Certain bacteria that are known to cause diarrheal illnesses may also be responsible for colorectal cancer

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Certain bacteria that are known to cause diarrheal illnesses may also be responsible for colorectal cancer

According to data gathered by scientists at the Bloomberg Kimmel Institute for Cancer Immunotherapy and the Johns Hopkins Kimmel Cancer Center, the bacterial species Clostridioides difficile, or C. diff, which is well known for causing serious diarrheal infections, may also be the cause of colorectal cancer.

The research, which was published on June 9 in Cancer Discovery, may reveal another another unpleasant function for this bacteria, which is responsible for over 500,000 infections annually in the United States, many of which are extremely challenging to treat.

The uptick of individuals under age 50 being diagnosed with colorectal cancer in recent years has been shocking. We found that this bacterium appears to be a very unexpected contributor to colon malignancy, the process by which normal cells become cancer.”
Cynthia Sears, M.D., Bloomberg~Kimmel Professor of Cancer Immunotherapy and professor of medicine at the Johns Hopkins University School of Medicine

More than half of colorectal cancer patients had bacterial biofilms, which are thick colonies of bacteria on the surface of the colon, according to studies conducted at the Sears Lab some years ago. By contrast, just 10% to 15% of healthy individuals without tumors had biofilms. However, one sample drew their interest because it significantly enhanced colorectal tumors in the mice when the researchers infected animals with biofilm samples originating from specific persons with colorectal cancer. 85% of the mice exposed to this slurry developed tumors, compared to fewer than 5% of controls.

In subsequent research, the scientists discovered a patient sample devoid of a biofilm that likewise elevated colorectal cancers in the animals. Several bacterial species, including enterotoxigenic Bacteroides fragilis, Fusobacterium nucleatum, and a particular strain of Escherichia coli, have been linked to colorectal cancer. However, these microbes were either absent from the tumors of these two patients (B. fragilis and E. coli) or failed to successfully colonize the mice (F. nucleatum), suggesting that other bacteria were driving the colorectal cancer cascade.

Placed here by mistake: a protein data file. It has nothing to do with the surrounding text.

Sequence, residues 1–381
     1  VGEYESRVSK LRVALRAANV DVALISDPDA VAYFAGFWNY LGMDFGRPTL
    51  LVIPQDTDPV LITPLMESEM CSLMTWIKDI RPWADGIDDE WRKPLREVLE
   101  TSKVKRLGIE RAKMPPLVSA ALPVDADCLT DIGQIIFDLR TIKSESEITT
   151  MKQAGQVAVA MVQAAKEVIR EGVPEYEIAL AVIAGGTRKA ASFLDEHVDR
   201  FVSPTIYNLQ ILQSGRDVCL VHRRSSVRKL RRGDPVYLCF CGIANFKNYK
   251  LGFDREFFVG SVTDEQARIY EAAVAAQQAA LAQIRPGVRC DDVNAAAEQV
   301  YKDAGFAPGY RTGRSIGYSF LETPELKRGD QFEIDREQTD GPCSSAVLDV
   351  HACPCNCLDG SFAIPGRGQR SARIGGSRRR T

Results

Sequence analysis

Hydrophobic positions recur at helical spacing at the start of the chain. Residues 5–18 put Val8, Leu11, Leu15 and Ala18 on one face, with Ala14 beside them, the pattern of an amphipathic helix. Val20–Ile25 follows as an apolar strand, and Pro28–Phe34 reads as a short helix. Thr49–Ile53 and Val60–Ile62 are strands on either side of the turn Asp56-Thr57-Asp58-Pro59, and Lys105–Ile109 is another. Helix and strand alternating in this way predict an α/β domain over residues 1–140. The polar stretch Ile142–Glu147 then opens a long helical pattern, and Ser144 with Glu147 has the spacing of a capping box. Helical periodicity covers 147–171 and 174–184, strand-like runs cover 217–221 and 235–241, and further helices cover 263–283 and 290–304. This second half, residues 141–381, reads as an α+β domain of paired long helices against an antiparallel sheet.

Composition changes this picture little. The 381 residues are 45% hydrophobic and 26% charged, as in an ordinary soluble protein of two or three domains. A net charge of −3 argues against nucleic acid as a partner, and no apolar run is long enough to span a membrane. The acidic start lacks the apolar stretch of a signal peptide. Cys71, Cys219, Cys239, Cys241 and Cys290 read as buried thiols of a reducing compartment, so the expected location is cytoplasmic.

Jie (Angela) Chen, Ph.D., Jada Domingue, Ph.D., of Johns Hopkins, and colleagues, as well as study co-author Julia Drewes, Ph.D., assistant professor of medicine, performed additional experiments to see if a single bacterial species or a community of bacteria were promoting tumor formation in the mice. They found that whereas toxigenic C. difficile, the kind that causes diarrhea, was absent in the samples that did not result in tumors in mice, it was present in the tumor-causing samples. This bacteria caused colon cancers in the mice when it was put to samples that had not previously caused tumors. Additional research revealed that C. difficile was sufficient to cause tumor growth in the animal models on its own.

Additional studies conducted under the direction of co-author Nicholas Markham, M.D., Ph.D., assistant professor of medicine at the Vanderbilt University Medical Center, and study co-leaders Franck Housseau, Ph.D., associate professor of oncology at Johns Hopkins, and Ken Lau, Ph.D., associate professor of cell and developmental biology and surgery at the Vanderbilt University School of Medicine, revealed that C. difficile caused a variety of changes within colon cells that made them susceptible.

This bacteria activated genes that promote cancer and turned down genes that prevent cancer in cells exposed to it. Reactive oxygen species are unstable chemicals that may damage DNA, and these cells also sparked immunological responses that led to detrimental inflammation.

The majority of this activity, according to the researchers, appears to be caused by a toxin generated by this bacteria, known as TcdB. Mice infected with TcdB-inactivated microbes produced significantly fewer tumors than mice infected with TcdB-active microbes, while TcdA produced by C. difficile was insufficient to cause tumors. These results were obtained using genetically engineered C. difficile strains that contained inactivated toxin genes and/or released a related C. difficile toxin called TcdA.

Few epidemiological studies have examined the relationship between C. difficile and colorectal cancer in people, according to Drewes, but if this association is discovered, screening for latent or past C. difficile infections as cancer risk factors may be implemented. Increased efforts to quickly and effectively eradicate this pathogen, which recurs — often repeatedly — in 15 percent to 30 percent of infected patients after initial treatment, including in pediatric patients, could be a significant prevention effort given that prolonged exposures to TcdB may increase the risk of colorectal cancer.

“While this link between C. difficile and colorectal cancer needs to be confirmed in prospective, longitudinal cohorts, developing better strategies and therapeutics to reduce the risk of C. difficile primary infection and recurrence could both spare patients the immediate consequences of severe diarrhea and potentially limit colorectal cancer risk later on,” Drewes says.https://www.hopkinsmedicine.org/”>

Journal reference:
Drewes, J.L., et al. (2022) Human Colon Cancer–Derived Clostridioides difficile Strains Drive Colonic Tumorigenesis in Mice. Cancer Discovery. doi.org/10.1158/2159-8290.CD-21-1273.


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